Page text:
The path can be accessed at two points, from a point near the Peaks of Otter Lodge or from the Blue Ridge Parkway between mileposts 83 and 84. Just across the parkway, you’ll find the Falling Water Cascades Trail, a 1.6-mile loop that, with Flat Top, was designated a continuous National Recreation Trail in 1982. The cascades trail drops 260 feet from the parking area to some serious scenery – and a serious workout getting back.

For those who prefer a walk on the mild side, the Peaks area offers several leisurely options. You can take the one-mile loop through woods and fields around Abbott Lake by the lodge. Another loop, about two miles, takes you to Johnson Farm, where in season you can see demonstrations of how life was lived among the mountain folk a century and a half ago.

Just behind the Peaks of Otter Visitor Center, Elk Run Trail offers an easy stroll of less than a mile with signs describing wildlife and ecology. The Harkening Hill loop has some taxing stretches along its 3.3-mile course but yields not only panoramic views but also a spur to Balance Rock (a big boulder perched on a small rock).

With so many trails, you can’t see or do it all in one day. Consider pitching a tent at the 140-site campground or reserving a room at the Peaks of Otter Lodge.

Be forewarned of crowds when the weather turns cool. The fall foliage is spectacular, drawing visitors from across the country.

It’s not the world’s best-kept little secret.


If you go


Free trail maps are available at the Peaks of Otter Lodge or the Visitor Center.


Tickets for the Sharp Top Bus are sold at the Country Store next to the Visitor Center. One-way rides are $4.50 for adults and $2.50 for children under 12. Round-trip tickets are $5.50 and $3.50, respectively. The bus leaves on the hour from 10 a.m. to 4 p.m. on weekdays and 10 a.m. to 5 p.m. on weekends from May 1 to Sept. 30. During October, it runs 10 a.m. to 5 p.m. daily.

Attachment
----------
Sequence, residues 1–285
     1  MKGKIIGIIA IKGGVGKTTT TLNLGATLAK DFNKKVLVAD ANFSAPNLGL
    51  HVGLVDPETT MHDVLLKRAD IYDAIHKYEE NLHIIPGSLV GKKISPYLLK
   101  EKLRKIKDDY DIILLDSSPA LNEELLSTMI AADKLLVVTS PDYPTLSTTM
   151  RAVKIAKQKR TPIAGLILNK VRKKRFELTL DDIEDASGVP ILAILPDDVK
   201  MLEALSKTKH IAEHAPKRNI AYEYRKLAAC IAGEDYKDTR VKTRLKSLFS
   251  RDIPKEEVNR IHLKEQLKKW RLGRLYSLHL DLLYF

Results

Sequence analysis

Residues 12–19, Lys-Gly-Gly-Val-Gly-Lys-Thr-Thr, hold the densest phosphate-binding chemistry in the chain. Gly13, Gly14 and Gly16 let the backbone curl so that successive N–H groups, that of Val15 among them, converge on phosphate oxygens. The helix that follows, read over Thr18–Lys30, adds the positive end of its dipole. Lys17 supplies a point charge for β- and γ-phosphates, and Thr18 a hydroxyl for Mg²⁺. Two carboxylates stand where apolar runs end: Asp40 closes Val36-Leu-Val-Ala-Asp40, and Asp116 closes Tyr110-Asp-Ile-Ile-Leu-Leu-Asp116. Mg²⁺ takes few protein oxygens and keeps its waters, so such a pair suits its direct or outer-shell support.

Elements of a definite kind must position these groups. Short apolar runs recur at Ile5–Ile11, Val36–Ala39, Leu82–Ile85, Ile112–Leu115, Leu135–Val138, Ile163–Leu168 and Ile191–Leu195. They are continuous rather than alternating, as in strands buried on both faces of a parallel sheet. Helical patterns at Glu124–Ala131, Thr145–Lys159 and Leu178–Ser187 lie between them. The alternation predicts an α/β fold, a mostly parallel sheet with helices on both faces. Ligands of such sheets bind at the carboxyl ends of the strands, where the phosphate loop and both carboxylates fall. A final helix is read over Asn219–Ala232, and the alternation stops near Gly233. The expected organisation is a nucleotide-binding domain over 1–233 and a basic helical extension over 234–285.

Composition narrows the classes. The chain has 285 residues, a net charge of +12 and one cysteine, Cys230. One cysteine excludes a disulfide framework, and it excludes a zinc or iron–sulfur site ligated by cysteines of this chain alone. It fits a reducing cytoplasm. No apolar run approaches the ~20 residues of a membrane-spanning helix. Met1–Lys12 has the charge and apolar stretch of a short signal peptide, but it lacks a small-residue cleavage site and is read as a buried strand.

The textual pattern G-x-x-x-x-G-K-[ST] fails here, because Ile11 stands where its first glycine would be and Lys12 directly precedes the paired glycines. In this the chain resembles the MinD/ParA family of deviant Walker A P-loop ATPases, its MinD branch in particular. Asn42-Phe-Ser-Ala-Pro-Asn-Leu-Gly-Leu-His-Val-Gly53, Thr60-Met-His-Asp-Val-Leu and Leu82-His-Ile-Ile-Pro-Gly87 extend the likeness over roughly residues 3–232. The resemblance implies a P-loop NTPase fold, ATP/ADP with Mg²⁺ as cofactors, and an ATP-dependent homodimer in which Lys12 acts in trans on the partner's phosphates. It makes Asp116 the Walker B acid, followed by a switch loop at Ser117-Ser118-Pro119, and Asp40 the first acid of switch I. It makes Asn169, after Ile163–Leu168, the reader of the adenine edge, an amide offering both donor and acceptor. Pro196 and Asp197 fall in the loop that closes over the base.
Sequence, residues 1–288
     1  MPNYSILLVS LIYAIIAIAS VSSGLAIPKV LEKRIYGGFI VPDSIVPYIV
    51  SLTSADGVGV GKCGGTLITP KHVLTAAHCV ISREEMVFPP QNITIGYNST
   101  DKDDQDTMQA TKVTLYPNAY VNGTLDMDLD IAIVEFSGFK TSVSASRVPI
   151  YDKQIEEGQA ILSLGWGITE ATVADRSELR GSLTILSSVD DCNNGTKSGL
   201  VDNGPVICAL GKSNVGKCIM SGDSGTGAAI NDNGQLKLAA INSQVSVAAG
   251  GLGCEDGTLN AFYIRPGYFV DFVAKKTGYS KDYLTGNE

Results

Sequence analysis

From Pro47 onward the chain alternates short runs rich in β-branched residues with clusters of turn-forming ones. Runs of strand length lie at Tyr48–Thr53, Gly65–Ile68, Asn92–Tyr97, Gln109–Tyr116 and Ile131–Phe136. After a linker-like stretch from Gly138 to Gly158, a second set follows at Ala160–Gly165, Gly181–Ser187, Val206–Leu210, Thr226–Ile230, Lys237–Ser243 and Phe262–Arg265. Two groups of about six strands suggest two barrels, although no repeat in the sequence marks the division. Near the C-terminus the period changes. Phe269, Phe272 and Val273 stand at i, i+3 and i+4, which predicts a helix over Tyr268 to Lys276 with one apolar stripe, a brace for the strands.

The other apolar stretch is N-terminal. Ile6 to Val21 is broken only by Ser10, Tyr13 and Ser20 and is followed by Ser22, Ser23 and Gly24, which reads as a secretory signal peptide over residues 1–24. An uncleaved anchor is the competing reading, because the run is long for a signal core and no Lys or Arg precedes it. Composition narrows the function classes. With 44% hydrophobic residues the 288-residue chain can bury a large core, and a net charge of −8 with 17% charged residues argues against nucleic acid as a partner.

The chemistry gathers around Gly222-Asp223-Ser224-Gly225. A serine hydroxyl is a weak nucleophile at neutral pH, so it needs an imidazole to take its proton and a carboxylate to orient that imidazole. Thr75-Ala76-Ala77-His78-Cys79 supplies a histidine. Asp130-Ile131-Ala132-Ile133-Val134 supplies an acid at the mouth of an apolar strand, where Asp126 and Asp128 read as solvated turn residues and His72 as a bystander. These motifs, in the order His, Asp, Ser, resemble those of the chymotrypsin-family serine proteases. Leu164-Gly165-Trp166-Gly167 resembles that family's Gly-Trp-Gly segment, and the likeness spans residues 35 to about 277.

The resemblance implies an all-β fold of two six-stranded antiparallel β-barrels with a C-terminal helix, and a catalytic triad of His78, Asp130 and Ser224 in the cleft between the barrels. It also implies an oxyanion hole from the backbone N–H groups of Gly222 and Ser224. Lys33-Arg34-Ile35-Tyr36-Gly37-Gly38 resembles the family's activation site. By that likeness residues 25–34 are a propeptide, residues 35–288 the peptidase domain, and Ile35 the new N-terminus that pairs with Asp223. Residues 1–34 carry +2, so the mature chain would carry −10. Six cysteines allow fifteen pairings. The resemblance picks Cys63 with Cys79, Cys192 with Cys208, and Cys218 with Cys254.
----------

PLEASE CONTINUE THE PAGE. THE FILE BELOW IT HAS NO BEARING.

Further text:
The Peaks of Otter, located in the Jefferson National Forest, are about nine miles northwest of Bedford on state Route 43, or between mileposts 83 and 86 on the Blue Ridge Parkway.


For details, call the Blue Ridge Parkway office at (828) 298-0398 or the Glenwood/Pedlar Ranger Districts office at (540) 291-2188, or go to For a copy of the trail map, go to For those headed to the Smoky Mountains, check out



2 Responses to Peaks of Otter

  1. Kristy says:

    Loved my weekend at Peaks of Otter! Fortunately (but, really, unfortunately) the National Parks were closed because of the government shutdown until the day before we left for our trip out west – so the campground was nearly empty in the cool, colorful days of mid-October.

    Need to go back and check out the peak trails; we spent most our days exploring the town and attempting to catch fish.

    Great write up!

    • admin says:

      The weekend before Cassie, my younger daughter, went into the Peace Corps, she and I hiked both Flat Top and Sharp Top. We were rubber-legged by the time we finished, but it was memorable.
      I hope you can get back there to hike and fish and camp and chill. One of my favorite places on earth.
      Thanks for reading.

Leave a Reply

Your email address will not be published. Required fields are marked *